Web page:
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I will explain what's my problem first, as It's important to understand what I want :-).

I'm working on a python-written pipeline that uses several external tools to perform several genomics data analysis. One of this tools works with very huge fastq files, which at the end are no more that plain text files.

Usually, this fastq files are gzipped, and as they're are plain text the compression ratio is very high. Most of data analysis tools can work with gzipped files, but we have a few ones that can't. So what we're doing is unzipp the files, work with them, and finaly re-compress.

As you may imagine, this process is:

  • Slower
  • High disk consuming
  • Bandwidth consuming (if working in a NFS filesystem)

So I'm trying to figure out a way of "tricking" these tools to work directly with gzipped files without having to touch the source code of the tools.

I thought on using FIFO files, and I tried that, but doesn't work if the tool reads the file more than once, or if the tool seeks around the file.

So basically I have to questions:

  • Is there any way to map a file into memory so that you can do something like:

    ./tool mapped_file (where mapped_file is not really a file, but a reference to a memory mapped file.

  • Do you have any other suggestions about how can I achieve my target?

Thank you very much to everybody!

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4 Answers 4

If your script can read from standard input, then one possibility would be to decompress and stream using zcat, and then pipe it to your script.

Something like this:

zcat large_file.gz | ./tool

If you want to compress your results as well, then you can just pipe the output to gzip again:

zcat large_file.gz | ./tool | gzip - > output.gz

Otherwise, you can look at python's support for memory mapping:


Finally, you can convert the ASCII fastq files to BAM format, which isn't compressed (per se) but uses a more compact format that will save you space. See the following:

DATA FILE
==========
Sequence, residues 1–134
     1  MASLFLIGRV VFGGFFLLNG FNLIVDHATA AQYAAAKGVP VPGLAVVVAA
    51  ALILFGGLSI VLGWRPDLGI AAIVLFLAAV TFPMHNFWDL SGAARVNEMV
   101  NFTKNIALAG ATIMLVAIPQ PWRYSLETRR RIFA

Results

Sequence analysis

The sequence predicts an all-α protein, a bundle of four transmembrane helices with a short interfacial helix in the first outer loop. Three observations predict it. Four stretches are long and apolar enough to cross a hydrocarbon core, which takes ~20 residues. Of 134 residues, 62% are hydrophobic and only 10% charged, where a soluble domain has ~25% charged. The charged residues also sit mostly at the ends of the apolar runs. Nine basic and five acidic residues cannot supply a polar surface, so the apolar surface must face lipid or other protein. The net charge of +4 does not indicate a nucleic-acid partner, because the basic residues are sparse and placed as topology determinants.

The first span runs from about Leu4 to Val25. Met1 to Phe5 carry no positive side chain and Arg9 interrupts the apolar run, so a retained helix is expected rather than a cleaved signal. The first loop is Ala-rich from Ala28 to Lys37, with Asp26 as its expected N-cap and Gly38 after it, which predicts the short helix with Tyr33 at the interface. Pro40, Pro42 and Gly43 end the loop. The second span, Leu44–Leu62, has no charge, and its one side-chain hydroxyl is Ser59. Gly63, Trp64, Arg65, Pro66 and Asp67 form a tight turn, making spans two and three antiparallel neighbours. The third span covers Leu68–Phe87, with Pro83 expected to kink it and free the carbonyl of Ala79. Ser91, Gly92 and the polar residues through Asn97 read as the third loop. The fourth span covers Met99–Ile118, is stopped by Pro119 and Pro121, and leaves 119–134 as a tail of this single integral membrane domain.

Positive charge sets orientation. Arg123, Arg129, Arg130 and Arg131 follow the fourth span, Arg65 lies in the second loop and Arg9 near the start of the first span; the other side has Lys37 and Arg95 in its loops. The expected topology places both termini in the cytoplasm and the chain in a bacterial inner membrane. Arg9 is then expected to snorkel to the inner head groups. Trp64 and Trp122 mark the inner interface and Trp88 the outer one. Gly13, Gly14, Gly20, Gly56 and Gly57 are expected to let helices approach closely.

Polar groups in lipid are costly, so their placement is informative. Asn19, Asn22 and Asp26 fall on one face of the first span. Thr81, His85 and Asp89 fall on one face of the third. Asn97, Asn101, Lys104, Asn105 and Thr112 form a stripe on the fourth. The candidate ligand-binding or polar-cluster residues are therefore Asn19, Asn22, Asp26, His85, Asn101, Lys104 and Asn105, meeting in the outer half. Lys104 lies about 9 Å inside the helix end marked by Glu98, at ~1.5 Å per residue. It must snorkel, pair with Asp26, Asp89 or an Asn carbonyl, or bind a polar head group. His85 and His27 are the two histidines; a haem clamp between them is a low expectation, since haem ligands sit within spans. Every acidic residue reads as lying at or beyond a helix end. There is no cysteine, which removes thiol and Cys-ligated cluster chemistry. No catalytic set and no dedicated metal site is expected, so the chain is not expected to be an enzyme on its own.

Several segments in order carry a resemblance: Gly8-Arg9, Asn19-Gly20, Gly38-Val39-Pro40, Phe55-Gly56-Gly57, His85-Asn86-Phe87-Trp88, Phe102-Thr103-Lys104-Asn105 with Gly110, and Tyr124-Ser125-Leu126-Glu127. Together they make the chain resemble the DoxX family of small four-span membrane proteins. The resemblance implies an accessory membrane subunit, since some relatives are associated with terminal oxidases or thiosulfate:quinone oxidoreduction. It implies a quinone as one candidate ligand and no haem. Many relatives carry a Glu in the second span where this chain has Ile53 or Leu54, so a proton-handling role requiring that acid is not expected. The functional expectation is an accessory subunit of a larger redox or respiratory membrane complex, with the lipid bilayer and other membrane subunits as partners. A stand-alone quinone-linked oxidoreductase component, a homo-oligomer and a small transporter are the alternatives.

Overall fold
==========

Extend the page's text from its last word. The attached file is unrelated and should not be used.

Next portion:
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Hi juniper, Thank you for your answer. Some tools can't read from stdin, furthermore they may need more than one file to read. Anyway, this solution doesn't also solve the problem that happens when the tool open and read the same file several times. Thank you anyway! –  guillemch Oct 12 '12 at 11:51
I've read about python mmap, and that would be grat if these tools were written in python. Just the pipeline is written in python, and it uses the external tools with a subprocess.check_call, so I can't see the way of using mmap. And converting the files to bam has the same problem than using gzipped files: The tools doesn't understand them. Thank you! –  guillemch Oct 12 '12 at 12:10

Consider looking at winning entries in the Pistoia Alliance Sequence Squeeze contest, which rated FASTQ compression tools. You may find a tool which provides IO overhead reduction through random access and faster decompression performance.

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From this answer you can load the whole uncompressed file into ram:

mkdir /mnt/ram
mount -t ramfs ram /mnt/ram
# uncompress your file to that directory
./tool /mnt/ram/yourdata

This, however, has the drawback of loading everything to ram: you'll need to have enough space to hold your uncompressed data!

Use umount /mnt/ram when you're finished.

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Hi Bernard, That's really close to what I need! Just... I don't have root permissions :-( –  guillemch Oct 12 '12 at 12:20
There is the workaround of adding an entry to /etc/fstab so that you would be able to do that, but this requires the cooperation of your administrator. Or if you are able to create your own virtual machine and make everything run on top of it... but I think it becomes complex for what you ask... –  bernard paulus Oct 12 '12 at 12:38
Yes, and the problem is that our pipeline is used by external users, so I cannot assume that they'll have root access to tune /etc/fstab or so. Thank you again! –  guillemch Oct 12 '12 at 12:43

You can write a fuse file system driver, if you are on linux: http://pypi.python.org/pypi/fuse-python

The fuse driver needs to compress and decompress the files. Maybe something like this already exists.

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